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Large Wind Turbines

September 14, 2001
Paul Gipe

Stirring Up a Hornet's Nest: New Turbine Generates Controversy


"We're not a very sophisticated company," Bob Green says humbly. Others agree. The awea-wind-home web site is buzzing with questions about the audacious claims of Green and his company, Thermodyne Systems of Lancaster, California.

According to Green, Thermodyne has built about 70 of the 8-foot diameter turbines in the past eight months. Most have been shipped to Canada and Africa, he says. All for battery-charging.

Though their web site, www.hydrogenappliances.com depicts a hinged tower, Green now says the company no longer provides towers.

Green says he and the company's three employees have built 20 to 30 hydrogen electrolizers in addition to the multiblade wind turbines.

Despite Green's claim that the company has been experimenting with wind "for the past ten years", the firm has yet to master the fundamentals of wind energy.

Green is quick to say that the power promised on the metal shop's web site is "peak" power, and he explains that after they apply the load the "rotor starts slowing down."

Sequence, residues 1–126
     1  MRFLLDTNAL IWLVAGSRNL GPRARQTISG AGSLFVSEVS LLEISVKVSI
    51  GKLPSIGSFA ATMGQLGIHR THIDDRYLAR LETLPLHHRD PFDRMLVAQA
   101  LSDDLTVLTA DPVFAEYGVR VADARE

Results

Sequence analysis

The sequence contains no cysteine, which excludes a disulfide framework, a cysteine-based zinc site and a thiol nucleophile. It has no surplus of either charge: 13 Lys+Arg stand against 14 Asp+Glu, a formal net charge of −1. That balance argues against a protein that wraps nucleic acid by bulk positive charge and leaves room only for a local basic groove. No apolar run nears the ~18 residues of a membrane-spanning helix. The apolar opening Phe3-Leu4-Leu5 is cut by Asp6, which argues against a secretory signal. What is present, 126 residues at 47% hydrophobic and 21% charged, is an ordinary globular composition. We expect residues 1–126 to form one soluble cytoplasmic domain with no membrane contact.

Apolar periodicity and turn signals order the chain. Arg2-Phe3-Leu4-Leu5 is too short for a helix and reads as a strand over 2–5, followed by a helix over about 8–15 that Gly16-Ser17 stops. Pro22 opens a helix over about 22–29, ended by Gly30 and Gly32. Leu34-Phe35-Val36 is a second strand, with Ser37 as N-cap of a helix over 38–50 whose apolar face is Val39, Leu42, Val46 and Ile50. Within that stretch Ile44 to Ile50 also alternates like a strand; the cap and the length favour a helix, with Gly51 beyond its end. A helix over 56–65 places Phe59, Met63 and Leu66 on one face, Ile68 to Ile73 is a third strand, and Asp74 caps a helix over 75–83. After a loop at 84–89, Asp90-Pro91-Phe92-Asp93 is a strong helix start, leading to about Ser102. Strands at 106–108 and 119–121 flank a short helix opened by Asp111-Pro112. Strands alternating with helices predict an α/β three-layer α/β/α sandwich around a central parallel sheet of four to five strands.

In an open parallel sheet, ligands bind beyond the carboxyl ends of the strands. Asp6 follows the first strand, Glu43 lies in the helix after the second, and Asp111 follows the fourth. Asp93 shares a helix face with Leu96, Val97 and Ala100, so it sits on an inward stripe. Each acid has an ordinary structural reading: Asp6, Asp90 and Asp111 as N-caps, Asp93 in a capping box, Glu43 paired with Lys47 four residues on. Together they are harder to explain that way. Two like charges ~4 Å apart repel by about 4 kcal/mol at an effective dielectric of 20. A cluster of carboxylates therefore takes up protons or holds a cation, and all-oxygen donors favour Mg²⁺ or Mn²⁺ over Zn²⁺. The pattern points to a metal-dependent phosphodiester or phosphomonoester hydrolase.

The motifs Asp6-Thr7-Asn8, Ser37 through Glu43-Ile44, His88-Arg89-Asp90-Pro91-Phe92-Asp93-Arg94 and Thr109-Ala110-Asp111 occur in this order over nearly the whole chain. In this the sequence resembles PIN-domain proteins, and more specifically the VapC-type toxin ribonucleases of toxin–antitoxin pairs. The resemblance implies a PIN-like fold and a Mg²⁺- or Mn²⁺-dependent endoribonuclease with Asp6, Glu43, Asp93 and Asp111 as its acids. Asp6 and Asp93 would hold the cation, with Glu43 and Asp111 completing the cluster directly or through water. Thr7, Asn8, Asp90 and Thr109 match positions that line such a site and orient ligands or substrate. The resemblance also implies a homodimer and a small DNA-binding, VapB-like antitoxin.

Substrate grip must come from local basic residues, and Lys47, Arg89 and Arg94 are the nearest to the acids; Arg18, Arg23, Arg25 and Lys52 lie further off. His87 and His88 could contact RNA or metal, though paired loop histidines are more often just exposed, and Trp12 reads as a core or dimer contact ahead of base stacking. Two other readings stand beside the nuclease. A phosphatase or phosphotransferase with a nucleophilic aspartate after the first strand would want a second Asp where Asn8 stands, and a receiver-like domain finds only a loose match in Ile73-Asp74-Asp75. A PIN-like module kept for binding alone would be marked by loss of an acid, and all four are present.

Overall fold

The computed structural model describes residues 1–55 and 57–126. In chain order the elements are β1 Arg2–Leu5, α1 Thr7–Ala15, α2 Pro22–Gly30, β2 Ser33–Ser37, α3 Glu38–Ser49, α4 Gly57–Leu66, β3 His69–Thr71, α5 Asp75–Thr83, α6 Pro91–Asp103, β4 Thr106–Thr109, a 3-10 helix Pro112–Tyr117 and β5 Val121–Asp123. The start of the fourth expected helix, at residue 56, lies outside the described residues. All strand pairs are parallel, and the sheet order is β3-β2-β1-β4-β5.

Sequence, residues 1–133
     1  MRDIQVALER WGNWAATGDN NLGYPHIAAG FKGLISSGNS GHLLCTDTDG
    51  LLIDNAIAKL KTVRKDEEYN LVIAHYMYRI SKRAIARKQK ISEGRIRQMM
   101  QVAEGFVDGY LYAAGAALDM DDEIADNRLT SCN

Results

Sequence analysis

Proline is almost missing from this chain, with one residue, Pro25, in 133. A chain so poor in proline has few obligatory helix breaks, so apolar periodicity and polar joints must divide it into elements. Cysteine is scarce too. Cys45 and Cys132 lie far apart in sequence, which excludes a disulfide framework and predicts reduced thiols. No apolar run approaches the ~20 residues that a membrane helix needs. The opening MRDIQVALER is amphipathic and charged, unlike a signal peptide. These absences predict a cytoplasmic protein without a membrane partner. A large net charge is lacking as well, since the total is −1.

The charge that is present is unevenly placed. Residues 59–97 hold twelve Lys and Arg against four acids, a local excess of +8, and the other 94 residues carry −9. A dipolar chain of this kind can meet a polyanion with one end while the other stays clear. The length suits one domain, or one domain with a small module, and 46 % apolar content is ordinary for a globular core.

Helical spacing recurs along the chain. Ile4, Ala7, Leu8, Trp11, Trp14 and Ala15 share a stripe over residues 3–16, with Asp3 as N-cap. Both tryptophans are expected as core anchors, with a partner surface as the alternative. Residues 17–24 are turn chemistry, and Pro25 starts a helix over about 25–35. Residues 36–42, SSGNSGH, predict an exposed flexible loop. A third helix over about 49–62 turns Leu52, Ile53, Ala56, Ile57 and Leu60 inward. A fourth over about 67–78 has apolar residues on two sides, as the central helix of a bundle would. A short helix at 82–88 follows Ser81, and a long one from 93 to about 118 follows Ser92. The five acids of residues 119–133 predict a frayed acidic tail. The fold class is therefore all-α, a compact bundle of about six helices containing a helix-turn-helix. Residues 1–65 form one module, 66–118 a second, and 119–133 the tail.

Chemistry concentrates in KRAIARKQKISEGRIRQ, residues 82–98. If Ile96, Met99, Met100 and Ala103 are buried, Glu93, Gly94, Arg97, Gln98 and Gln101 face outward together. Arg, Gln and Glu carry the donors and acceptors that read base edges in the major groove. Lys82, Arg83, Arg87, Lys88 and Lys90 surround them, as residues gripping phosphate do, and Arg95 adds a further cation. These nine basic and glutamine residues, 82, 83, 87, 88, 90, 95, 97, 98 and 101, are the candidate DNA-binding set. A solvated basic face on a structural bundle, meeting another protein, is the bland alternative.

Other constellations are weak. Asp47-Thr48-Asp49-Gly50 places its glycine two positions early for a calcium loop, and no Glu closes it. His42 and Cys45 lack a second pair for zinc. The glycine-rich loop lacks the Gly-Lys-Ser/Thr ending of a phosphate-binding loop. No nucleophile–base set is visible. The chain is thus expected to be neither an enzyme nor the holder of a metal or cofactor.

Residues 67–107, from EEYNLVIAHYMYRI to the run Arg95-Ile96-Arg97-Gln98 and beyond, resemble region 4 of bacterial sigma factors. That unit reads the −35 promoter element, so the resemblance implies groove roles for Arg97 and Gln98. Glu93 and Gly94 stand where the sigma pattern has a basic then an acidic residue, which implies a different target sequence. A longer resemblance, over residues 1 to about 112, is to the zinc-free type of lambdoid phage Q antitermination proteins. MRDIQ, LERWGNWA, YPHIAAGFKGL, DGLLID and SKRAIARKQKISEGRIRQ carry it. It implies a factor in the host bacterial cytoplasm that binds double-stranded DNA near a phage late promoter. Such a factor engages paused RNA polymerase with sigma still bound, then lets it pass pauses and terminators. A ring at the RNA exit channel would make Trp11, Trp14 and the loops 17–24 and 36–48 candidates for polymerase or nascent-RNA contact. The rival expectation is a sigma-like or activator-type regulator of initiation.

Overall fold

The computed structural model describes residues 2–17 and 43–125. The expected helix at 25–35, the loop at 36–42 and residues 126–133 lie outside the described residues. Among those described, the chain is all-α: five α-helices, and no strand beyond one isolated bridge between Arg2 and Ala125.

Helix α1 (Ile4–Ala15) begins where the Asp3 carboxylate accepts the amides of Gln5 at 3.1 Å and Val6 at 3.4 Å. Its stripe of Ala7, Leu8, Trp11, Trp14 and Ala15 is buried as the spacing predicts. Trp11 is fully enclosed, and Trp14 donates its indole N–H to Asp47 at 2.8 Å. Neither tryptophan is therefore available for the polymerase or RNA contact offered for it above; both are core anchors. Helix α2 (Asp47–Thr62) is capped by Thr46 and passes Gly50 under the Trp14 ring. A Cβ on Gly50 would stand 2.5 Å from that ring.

As Michael Klemen, a wind experimenter in North Dakota, has noted, the low wind performance of the turbine exceeds reality.

At 5 mph, the web site claims the Hornet will produce 640% of the power available in the wind; at 12 mph, 117%; at 22 mph, 49%; at 28 mph, 35%. The Hornet's performance at 22 mph and 28 mph would make it one of the most efficient small wind turbines ever built--even exceeding the aggressive performance advertised for the Air 403 of 31%. The Hornet's performance at 5 mph and 12 mph is clearly impossible according to our understanding of physical laws governing the power available in the wind.

Such wild claims for the Hornet could come back to sting Thermodyne in litigious California.

 



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